Frequently Asked Questions
If you can’t find your answer here, please call us on the number above or below.
What do I have to tell police if I am pulled over?
If you are stopped by a police officer, you are required to give your full name, date of birth and address. If you are a provisional licence holder you are required to produce your licence immediately. If you hold an open licence you are required to hand it over or produce it to a Police Station within 24 hours if you do not have it on you. You do not have to answer any other questions. If you do answer any questions, you should be aware that many police officers wear body mounted cameras or microphones which record what you say. Just as they say in the movies “anything you say or do may be used against you in a court of law”. Other than giving your name and address, you have a right to silence. We recommend that you exercise that right until you obtain legal advice from a lawyer.
What if I have an excuse for what I was doing?
Police write tickets and lay charges. It is very rare to be able to talk yourself out of a ticket or charge, particularly now that there is pressure on police to increase the number of tickets that they issue. If you have a legitimate excuse for your actions, that explanation is best made through a lawyer who is trained to articulate a proper legal argument as to why a particular charge should be dropped. It is important to understand that an explanation for behaviour may not provide a legal defence for the behaviour. In reality, police have little discretion to make judgments as to whether your behaviour was reasonable in the circumstances. That is a job reserved for the courts.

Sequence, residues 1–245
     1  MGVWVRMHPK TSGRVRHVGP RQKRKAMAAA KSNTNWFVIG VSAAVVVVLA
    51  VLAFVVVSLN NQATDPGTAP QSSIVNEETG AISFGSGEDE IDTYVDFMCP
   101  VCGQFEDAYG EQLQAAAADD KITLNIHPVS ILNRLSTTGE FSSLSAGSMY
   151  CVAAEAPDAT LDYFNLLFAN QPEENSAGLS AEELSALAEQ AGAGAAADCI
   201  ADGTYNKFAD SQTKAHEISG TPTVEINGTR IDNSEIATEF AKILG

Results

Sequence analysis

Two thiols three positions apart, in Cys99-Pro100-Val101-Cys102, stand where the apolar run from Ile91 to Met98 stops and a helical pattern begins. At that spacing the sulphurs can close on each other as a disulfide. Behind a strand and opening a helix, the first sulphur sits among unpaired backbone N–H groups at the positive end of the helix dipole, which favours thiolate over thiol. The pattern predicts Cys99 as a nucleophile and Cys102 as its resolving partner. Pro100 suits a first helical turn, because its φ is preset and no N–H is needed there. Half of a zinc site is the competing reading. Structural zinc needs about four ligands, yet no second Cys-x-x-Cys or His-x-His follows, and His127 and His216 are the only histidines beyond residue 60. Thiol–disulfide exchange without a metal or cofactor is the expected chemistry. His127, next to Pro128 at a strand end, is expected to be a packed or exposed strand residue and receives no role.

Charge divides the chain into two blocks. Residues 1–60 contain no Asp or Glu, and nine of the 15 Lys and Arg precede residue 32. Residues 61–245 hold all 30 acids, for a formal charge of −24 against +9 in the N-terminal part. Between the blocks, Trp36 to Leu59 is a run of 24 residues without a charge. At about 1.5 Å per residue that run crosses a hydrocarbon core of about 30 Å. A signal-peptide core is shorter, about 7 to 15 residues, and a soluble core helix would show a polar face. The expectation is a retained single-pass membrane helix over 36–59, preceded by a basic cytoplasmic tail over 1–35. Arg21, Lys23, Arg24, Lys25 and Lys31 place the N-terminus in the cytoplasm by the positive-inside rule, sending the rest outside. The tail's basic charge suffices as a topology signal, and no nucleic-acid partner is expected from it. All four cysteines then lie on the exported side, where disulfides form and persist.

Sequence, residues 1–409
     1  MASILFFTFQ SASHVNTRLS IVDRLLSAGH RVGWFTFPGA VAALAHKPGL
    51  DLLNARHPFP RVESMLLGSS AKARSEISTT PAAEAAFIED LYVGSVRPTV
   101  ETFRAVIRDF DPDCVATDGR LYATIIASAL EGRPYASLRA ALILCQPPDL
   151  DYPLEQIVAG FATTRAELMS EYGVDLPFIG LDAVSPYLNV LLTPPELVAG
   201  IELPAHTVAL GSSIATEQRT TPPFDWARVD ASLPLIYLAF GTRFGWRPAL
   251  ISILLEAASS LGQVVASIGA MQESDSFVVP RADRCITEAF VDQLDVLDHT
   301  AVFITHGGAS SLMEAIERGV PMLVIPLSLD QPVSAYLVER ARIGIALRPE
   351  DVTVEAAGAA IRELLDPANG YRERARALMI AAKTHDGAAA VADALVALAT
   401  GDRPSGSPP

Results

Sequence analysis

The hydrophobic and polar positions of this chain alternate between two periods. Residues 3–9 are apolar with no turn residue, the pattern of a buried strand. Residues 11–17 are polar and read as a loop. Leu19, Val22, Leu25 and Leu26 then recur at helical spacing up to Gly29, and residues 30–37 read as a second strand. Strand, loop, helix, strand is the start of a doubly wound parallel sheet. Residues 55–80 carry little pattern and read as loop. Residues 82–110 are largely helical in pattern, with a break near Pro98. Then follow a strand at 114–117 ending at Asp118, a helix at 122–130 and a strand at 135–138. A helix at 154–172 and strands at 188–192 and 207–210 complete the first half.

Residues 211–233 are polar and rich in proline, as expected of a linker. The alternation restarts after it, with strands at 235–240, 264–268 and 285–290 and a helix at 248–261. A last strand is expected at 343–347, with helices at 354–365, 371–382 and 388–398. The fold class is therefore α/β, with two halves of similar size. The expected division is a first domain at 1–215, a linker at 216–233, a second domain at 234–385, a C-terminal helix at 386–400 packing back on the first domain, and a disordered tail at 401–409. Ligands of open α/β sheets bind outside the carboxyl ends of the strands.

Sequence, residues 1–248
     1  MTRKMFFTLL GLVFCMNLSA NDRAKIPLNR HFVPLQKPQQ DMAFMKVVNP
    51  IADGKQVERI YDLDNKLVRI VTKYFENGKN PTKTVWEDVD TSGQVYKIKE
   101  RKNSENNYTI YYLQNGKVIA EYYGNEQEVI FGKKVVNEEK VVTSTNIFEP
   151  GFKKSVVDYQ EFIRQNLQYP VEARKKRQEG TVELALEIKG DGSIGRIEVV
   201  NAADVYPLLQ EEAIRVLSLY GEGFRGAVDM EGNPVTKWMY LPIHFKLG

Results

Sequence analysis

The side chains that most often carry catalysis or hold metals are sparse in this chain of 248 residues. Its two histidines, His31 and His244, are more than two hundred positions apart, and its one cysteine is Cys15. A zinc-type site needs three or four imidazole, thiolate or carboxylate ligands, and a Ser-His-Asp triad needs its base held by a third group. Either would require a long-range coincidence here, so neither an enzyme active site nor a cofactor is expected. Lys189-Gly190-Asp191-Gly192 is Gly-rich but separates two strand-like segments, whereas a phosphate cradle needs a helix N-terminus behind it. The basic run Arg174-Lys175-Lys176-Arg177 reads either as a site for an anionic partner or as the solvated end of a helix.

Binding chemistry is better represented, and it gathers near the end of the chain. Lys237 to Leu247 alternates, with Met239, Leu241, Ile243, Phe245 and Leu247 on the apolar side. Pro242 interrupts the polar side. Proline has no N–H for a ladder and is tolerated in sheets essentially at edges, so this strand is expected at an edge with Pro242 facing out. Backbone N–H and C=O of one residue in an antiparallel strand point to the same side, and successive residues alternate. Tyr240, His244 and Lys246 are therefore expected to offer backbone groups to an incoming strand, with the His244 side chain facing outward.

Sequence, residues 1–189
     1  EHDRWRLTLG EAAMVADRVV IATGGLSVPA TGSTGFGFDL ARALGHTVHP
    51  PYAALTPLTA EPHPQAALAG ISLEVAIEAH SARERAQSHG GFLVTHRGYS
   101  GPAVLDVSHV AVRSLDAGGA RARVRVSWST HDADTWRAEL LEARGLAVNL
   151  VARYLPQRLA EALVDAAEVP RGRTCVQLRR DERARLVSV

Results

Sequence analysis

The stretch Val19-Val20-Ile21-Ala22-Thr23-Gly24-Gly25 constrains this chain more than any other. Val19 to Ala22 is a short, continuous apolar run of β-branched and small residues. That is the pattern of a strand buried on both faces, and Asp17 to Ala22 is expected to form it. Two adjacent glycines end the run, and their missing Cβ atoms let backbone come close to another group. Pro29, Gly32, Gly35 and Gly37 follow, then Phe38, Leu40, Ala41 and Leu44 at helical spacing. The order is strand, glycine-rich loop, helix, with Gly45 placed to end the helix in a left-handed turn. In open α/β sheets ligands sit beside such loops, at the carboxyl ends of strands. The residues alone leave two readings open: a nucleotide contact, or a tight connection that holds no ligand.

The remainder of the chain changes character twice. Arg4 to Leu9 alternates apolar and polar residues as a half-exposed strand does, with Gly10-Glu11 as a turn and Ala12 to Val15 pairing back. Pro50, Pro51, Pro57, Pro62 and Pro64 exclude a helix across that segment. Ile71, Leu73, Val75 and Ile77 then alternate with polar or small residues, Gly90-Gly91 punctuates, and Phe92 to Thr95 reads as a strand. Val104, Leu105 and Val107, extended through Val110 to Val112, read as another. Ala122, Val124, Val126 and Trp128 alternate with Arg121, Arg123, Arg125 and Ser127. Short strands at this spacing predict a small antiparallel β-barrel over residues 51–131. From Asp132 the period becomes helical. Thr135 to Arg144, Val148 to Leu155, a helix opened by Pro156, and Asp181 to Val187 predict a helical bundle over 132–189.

Do I have to submit to a drug or breath test?
The short answer is yes. If you fail to give a specimen of breath or saliva, police have the power to arrest and detain you for the purpose of obtaining a specimen.
Can Police Search my Vehicle?
Police do not have the power to search vehicles at random. In order for police to be allowed to search a vehicle they have to have:
(a) A search warrant; or
(b) A reasonable suspicion that that an offence has or is being committed and that if a search warrant has to be obtained, there is a real possibility that evidence may be destroyed in the interim.
If your vehicle has been searched without a warrant or reasonable suspicion, any evidence obtained may not be able to be admitted in a court.
What do I do if I am arrested?
If you are arrested by police you should:
(a) Say nothing;
(b) Decline to participate in a police interview;
(c) Co-operate with any directions from police;
(d) Seek legal advice immediately; and
(e) Remember that almost everything you say to police will be recorded and used against you.